— by Lin McNulty —
Orcas poet Jill McCabe Johnson recently released a new collection of her luscious poetry in a book entitled “Revolutions We’d Hoped We’d Outgrown.” (Finishing Line Press)
Good poetry is a two-way street. The poet bares the soul and the reader is, then, awakened to a shared convergence of thought and emotion.
When I picked up “Revolutions” for review, I opened randomly to a poem entitled “Cavity.” I was so touched by her lines that it took me weeks to actually look at the rest of the book, choosing instead to “live with” this specific poem which so spoke to me. It caused me to look at things in my life that perhaps I had never examined before; every word resonated a newly-discovered, long-hidden truth.
As reflected on the back cover, “Jill McCabe Johnson writes in the tradition of the French Medieval “Chanson d’Aventure,” or Song of Adventure, where a writer walks for immersion, enlightenment, and inspiration. Many of these poems were written on a self-directed walking and writing trek through France in the weeks leading up to and during the ISIS attacks on Paris.”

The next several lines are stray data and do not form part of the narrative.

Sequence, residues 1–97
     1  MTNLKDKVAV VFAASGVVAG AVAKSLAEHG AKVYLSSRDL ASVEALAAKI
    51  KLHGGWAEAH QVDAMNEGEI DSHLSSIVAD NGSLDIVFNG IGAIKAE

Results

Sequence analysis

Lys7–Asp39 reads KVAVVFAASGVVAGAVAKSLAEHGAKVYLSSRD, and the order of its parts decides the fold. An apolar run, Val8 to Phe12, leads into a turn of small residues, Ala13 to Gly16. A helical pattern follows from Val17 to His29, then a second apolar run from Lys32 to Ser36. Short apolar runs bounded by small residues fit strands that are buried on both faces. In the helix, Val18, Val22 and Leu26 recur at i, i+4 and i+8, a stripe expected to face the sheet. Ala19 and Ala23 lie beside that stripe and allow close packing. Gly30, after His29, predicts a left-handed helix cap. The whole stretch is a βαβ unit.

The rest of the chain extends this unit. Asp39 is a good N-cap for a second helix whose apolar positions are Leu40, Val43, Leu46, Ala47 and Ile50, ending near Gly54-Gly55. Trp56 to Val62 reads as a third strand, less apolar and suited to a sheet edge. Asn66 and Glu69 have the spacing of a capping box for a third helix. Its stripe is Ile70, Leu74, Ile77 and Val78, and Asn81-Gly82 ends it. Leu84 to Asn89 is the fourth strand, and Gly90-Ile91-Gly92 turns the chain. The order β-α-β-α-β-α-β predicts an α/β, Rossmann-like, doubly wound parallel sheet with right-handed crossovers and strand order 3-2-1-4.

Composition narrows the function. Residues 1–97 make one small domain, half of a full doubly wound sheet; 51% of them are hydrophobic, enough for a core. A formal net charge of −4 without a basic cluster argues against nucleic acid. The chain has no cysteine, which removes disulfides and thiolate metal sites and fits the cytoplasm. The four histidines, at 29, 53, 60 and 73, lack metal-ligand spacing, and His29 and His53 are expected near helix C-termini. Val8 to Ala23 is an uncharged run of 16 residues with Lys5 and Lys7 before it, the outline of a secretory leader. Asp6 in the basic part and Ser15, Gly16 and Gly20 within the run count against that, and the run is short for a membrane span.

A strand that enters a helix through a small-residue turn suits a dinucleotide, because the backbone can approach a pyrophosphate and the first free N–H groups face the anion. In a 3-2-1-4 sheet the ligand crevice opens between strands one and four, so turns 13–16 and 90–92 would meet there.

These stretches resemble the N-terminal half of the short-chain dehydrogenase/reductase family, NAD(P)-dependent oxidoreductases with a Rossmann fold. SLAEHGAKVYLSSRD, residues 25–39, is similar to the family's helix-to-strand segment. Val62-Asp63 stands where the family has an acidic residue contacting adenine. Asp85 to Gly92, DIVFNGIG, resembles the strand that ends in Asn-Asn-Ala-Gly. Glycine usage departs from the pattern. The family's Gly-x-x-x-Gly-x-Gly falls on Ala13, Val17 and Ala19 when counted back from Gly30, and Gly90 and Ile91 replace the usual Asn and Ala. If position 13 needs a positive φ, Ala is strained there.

Walking with this poet on her journey, the reader learns (what it’s like to be female in a male world), remembers (events and emotions long tucked away), wonders (about the juxtaposition of world events), and/or lashes out (with a fist that welcomes and shuns the beauty and pain of relationships).
“Cavity” remains within me, in the same manner she writes: “lodging in your chest cavity another twenty or thirty years.” The same may be said for the other brilliant works in this collection, the reading of which is not necessarily a page-turner if you want to truly experience each poem’s gut-level depth. But it’s definitely a keeper — hopefully within arm’s reach at any given moment as you find a need to return to it many, many times as life continues apace.
“Revolutions We’d Hoped We’d Outgrown” is available from Darvill’s Bookstore.